LONDON (Reuters) - A fortnight ago few people would have predicted that Australian maverick Nick Kyrgios would be the man standing between Novak Djokovic and a fourth successive Wimbledon title.
Djokovic himself, however, is not surprised that it will be Kyrgios standing over the other side of the net on Sunday.
The Serbian top seed booked his eighth Wimbledon final by coming from a set down against Britain's Cameron Norrie on Friday while unseeded Kyrgios benefitted from a walkover after Spanish 22-time Grand Slam champion Rafa Nadal withdrew injured.
Djokovic has only faced Kyrgios twice in his career, losing twice to him in 2017, so while he will be favourite to claim a seventh Wimbledon crown, he knows exactly how dangerous the unpredictable world number 40 Kyrgios can be.
"In a way it's a surprise because his ranking. So maybe not too many people are giving him big chances to reach the finals," Djokovic told reporters after beating Norrie in four sets to extend his winning sequence at Wimbledon to 27 matches.
"But I think between us players, we always know how dangerous he is, on grass particularly, because of his game, because of his attitude on the court being so confident, just going for it, being a very complete player.
"If you see his career, the best tennis he's played is always against the top guys. That's why we all respect him, because we know what he can come up with.
"So it's also not surprise for me that he's there."
Kyrgios, who has been fined twice during this year's championships and whose behaviour polarises opinion like no other player, remarked this week that many people would have been upset to see his deep run at Wimbledon.
Djokovic is not one of them.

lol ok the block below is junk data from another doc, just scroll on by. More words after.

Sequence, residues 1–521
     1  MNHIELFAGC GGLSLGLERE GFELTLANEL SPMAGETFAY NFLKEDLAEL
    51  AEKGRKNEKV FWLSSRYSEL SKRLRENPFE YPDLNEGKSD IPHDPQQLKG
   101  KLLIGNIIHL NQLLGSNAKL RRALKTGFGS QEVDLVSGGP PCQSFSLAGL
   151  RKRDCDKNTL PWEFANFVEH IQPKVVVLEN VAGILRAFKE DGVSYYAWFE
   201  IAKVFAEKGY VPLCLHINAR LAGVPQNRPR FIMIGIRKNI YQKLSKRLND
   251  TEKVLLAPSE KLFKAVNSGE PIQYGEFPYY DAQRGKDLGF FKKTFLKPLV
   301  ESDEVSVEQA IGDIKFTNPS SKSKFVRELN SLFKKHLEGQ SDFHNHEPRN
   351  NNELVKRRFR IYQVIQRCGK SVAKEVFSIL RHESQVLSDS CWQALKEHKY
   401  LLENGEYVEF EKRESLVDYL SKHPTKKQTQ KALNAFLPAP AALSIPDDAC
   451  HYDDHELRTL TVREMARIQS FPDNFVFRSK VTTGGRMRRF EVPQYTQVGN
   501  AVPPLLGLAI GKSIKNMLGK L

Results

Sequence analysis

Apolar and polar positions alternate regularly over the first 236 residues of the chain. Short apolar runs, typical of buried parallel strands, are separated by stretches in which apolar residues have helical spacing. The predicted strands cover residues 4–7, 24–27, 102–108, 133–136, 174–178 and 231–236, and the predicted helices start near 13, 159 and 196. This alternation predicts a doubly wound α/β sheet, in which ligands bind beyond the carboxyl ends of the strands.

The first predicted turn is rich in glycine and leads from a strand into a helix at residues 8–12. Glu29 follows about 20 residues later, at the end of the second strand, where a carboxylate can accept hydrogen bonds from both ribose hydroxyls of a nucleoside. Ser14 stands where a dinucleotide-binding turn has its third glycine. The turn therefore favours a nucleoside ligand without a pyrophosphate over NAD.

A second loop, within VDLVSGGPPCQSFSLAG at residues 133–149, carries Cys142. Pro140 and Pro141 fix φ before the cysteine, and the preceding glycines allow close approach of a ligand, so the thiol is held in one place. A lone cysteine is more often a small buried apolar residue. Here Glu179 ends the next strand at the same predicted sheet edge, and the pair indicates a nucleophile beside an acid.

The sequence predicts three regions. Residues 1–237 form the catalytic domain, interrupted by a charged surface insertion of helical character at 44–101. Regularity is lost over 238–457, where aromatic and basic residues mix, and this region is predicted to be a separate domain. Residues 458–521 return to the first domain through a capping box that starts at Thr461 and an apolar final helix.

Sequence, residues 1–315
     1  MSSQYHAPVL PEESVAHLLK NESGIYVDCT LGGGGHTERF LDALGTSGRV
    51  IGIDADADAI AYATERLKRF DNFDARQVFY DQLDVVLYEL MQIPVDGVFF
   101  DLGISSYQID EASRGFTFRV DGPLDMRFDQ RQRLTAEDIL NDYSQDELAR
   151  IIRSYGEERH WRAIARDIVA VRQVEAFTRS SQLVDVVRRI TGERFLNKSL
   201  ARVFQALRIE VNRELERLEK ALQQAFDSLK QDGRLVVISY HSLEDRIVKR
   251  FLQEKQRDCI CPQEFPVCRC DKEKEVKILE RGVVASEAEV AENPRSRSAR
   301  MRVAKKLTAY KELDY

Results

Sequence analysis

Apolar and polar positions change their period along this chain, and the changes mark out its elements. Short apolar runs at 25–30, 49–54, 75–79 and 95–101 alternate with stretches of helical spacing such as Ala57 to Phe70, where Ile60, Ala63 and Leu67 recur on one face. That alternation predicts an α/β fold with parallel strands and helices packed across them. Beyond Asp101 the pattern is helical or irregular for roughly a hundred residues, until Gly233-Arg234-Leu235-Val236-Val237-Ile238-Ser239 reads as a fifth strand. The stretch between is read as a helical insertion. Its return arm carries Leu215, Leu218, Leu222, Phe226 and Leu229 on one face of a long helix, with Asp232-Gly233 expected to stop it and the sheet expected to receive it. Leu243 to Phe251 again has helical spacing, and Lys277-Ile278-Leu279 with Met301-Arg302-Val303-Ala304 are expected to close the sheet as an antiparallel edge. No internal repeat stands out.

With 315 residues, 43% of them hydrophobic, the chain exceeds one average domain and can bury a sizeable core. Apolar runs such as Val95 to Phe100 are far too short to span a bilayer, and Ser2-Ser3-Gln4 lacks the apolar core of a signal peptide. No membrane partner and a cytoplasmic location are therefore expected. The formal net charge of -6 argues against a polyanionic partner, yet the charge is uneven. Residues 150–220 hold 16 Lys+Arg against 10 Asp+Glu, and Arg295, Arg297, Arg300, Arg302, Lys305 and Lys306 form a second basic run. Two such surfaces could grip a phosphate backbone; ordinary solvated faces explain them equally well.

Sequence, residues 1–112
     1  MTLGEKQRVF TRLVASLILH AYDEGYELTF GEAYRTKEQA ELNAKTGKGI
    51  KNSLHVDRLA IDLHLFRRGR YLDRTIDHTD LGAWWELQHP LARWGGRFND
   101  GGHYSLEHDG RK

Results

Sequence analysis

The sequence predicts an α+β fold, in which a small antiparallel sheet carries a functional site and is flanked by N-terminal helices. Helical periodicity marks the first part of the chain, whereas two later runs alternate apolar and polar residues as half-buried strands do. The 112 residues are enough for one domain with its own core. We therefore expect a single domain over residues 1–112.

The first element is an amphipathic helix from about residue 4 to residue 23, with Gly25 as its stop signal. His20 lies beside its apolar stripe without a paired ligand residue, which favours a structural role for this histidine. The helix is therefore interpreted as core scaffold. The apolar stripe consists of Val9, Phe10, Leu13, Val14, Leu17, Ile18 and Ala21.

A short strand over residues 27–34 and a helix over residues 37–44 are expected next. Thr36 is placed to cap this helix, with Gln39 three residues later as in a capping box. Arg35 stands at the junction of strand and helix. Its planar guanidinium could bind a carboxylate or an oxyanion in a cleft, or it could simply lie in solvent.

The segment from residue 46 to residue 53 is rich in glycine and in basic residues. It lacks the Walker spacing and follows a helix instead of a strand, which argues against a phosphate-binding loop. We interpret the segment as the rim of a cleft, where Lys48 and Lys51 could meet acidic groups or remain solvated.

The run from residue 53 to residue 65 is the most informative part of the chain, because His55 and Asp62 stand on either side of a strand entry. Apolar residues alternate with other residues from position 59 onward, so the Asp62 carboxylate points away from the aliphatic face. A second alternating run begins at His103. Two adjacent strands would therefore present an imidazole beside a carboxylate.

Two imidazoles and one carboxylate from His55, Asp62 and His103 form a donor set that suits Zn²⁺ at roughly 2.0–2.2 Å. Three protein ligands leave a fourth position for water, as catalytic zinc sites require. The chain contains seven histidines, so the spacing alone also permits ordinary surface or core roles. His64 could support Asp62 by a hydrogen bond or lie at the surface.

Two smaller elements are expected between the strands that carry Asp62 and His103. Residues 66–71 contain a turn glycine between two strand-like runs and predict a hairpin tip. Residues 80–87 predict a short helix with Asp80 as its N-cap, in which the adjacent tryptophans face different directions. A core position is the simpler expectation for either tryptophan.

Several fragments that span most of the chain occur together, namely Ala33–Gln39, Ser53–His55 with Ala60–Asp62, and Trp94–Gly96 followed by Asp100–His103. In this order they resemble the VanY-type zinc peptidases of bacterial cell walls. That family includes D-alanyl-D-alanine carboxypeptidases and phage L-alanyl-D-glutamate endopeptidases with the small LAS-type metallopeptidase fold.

"Honestly, as a tennis fan, I'm glad he's in the finals because he's got so much talent," Djokovic, who has had something of a fractious relationship with the Australian over the years, said. "Everyone was expecting great things from him.
"Then we know what was happening throughout many years with him mentally, emotionally. On and off the court, a lot of different things that were distracting him and he was not being able to get this consistency.
"For the quality player that he is, this is where he needs to be, and he deserves to be."
This time last year Djokovic was on the verge of his sixth Wimbledon title and looked set for not only a calendar-year Slam but also breaking the record for Grand Slam titles.
Twelve months on, the 35-year-old remains stuck on 20, two behind Rafa Nadal and he knows that his chances of overhauling the Spaniard will diminish as every tournament goes by.
"I'm aware of what's on the line. I don't know how many opportunities to win the trophy I will still have."
The big question everyone is asking is how will Kyrgios, the first Australian man to reach a major final for 17 years, handle the biggest match of his career.
"Playing against someone that has never played a Grand Slam final, could be slightly in my favour," Djokovic said.
"But at the same time, knowing who he is and how he goes about his tennis and his attitude on the court he doesn't seem to be falling under pressure much. He plays lights-out every time he steps out onto the court."
(Reporting by Martyn Herman; Editing by Toby Davis)